Thanks again! Barry
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Leon,
At first they are stiff and often uncooperative but after a few wacks with my nailing mallet they learn really fast who's the boss and straighten out. ?:)
Franklyn,
http://woodfloorist.com/1/goldfish.html
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On 5 Dec 2003 01:01:26 -0800, snipped-for-privacy@WoodFloorist.com (Franklyn) wrote:

Wow - that's nice work Franklyn. Do people typically do both installation as well as finishing, or is it more common to specialize in one area or another? I would guess, given the level of detail on the above pics, that you probably do both!
JP
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Jay,
I do both equally well. I learned the trade on gym floors in upstate NY. I literally have acres of experience.
Many contractors only know how to install prefinished. Home Depot and Lowe's for example, only will install pre-finished hardwood. (Go ahead and ask them if they install unfinished hardwood) They both sell unfinished but won't install it because they don't allow their installers to sand and finish. That means they can't finish the job. I think it's a liability issue for them that they don't want to get into. Personally I think that's it's a smart move on their part both legally and profit-wise. Why sell the wood and give the money for refinishing to the installer when you can sell the finishing along with the product in the prefinished wood?
On the other hand there are companies that only sand and refinish existing floors. They specialise in remodeling older homes and rarely see a new floor. This cuts the tools they need in half as they don't need all the installation tools.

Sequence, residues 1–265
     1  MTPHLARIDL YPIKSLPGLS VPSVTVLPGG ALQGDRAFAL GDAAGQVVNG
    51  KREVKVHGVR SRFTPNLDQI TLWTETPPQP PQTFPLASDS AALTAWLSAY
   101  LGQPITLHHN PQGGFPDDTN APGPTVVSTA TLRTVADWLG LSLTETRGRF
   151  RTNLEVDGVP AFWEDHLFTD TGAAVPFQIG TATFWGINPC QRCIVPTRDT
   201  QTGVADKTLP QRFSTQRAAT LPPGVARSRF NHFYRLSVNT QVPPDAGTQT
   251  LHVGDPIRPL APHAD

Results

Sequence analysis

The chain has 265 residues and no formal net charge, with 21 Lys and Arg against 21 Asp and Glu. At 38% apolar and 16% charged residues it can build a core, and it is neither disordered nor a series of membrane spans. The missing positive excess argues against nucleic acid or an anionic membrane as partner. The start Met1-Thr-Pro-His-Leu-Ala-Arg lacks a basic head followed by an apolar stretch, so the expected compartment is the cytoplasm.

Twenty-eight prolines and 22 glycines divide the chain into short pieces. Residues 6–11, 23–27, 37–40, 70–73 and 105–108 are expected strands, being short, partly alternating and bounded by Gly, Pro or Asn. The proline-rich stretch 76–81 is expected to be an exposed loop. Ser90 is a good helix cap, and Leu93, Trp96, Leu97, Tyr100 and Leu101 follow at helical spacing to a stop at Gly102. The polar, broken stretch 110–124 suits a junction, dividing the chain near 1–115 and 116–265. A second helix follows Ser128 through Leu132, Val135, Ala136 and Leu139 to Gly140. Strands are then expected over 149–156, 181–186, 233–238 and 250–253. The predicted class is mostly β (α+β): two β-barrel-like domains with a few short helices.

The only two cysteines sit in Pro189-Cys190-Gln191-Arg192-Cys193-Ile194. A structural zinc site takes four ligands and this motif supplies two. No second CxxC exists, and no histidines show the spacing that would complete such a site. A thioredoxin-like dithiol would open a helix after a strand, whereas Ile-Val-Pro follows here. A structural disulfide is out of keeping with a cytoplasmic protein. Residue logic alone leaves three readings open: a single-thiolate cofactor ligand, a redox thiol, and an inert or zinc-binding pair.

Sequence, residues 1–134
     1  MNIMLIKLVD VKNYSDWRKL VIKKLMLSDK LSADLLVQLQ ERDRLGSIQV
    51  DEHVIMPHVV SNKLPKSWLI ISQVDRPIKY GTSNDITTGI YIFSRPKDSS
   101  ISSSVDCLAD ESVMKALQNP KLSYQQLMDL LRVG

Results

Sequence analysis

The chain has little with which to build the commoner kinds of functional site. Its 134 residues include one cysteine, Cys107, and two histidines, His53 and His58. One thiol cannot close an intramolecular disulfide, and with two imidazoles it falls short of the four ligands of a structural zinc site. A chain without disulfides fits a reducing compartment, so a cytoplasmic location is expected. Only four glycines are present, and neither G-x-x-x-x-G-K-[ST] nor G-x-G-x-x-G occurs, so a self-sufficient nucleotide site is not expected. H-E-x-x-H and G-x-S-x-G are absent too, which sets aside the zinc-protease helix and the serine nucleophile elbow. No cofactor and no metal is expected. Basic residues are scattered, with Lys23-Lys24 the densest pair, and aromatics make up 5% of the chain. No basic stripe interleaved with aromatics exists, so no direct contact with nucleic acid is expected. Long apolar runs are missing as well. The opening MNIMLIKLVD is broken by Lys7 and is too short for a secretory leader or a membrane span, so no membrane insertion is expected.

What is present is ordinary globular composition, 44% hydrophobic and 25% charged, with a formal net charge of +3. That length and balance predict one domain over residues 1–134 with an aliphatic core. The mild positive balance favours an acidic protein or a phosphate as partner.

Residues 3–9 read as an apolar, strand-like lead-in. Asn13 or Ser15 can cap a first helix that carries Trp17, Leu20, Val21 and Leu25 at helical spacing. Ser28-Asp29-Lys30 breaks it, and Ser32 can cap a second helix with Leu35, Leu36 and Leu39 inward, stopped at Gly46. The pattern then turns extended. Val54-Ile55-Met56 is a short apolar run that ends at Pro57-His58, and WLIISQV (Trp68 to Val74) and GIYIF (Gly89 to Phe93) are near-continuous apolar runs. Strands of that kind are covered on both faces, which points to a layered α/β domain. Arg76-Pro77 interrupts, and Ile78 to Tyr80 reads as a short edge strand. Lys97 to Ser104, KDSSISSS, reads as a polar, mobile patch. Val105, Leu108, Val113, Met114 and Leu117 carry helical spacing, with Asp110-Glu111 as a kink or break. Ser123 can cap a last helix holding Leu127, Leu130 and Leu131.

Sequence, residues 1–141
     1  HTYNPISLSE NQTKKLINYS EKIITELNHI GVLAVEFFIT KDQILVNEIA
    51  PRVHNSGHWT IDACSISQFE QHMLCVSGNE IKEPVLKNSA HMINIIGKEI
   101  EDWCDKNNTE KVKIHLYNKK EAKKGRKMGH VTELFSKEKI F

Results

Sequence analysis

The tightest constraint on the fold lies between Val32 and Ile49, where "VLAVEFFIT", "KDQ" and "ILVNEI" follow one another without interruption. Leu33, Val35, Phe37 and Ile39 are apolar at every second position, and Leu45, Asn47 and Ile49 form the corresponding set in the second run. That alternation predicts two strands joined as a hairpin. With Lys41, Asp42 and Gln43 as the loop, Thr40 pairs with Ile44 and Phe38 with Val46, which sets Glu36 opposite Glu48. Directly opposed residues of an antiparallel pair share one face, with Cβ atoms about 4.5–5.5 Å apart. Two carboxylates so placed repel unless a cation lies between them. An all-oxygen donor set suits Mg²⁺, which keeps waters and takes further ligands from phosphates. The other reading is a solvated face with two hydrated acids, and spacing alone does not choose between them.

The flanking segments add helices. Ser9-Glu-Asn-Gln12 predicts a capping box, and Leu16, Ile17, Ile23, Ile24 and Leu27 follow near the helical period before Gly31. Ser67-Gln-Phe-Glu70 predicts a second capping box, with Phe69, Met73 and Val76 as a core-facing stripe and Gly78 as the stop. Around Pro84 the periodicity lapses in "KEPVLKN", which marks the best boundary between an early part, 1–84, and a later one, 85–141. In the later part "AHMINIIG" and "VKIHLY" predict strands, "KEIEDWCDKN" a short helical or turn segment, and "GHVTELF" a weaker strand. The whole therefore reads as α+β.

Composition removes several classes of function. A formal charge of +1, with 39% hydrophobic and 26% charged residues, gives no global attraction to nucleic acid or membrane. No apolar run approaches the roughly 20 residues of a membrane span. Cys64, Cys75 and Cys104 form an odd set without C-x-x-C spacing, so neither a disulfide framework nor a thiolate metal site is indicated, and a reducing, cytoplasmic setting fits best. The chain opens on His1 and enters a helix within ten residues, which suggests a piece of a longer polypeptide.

There are companies that have specialty crews. One crew just installs. The sanding crew follows them and they move onto the next house to install. A finishing crew follows the sanding crew. When I first started I was on an installing crew and never saw a sander or the finished product. This is a common arrangement when you are working on tract built homes.
Then there are companies where the flooring mechanics can do it all. I find this the best as you never get bored.
I have started doing it my own way. I find people who want install, sand and/or refinish their own wood floors. They want a little professional guidance but want to learn a little by participating too. I like this arrangement because I get to see the work thru the eyes of someone who has never done it before. They save some money and have a better appreciation for the completed project. The teacher/temporary apprentice relationship is a lot different than the contractor/customer relationship.
Of course I get into inlays, borders and fancy floors and I teach newbies how to do it all. I also specialise in talking too much. People get the idea real fast that I enjoy what I do. I hope this isn't too long a post.
Franklyn
http://images.google.com/images?hl=en&lr=lang_fr&ie=UTF-8&q=+site:woodfloorist.com+wood+floors
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Welcome! Great to have you aboard!
Very informative post - thanx for all the info.
Renata
On 5 Dec 2003 01:01:26 -0800, snipped-for-privacy@WoodFloorist.com (Franklyn) wrote:

smart, not dumb for email
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Many prefinished floors have a terrific warranty on the finish... But, the finish is not always perfect.
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This is where you need to read the instructions. Every prefinished floor that I have ever installed has a " The installer is the final inspector and is responsible for inspecting the wood before installing it" .
This used to really irritate me. Here some Union carpenter in some factory is not only taking the refinishing part of the work away from me but I have to be responsible if he messes up. I'm over it now.
Franklyn,
http://woodfloorist.com/1/takeupflooring.html
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Yeah... I read the same thing on some engineered maple flooring that I was putting down a couple of years ago. I figured that it meant there might be a possible finish problem. With 6 boxes of flooring for a small bathroom, I ran across 2 pieces that actually had some bare wood exposed. I wondered why the wood did not shine in that spot. It was a shame that I did not have enough problem pieces to make up a box that I could return..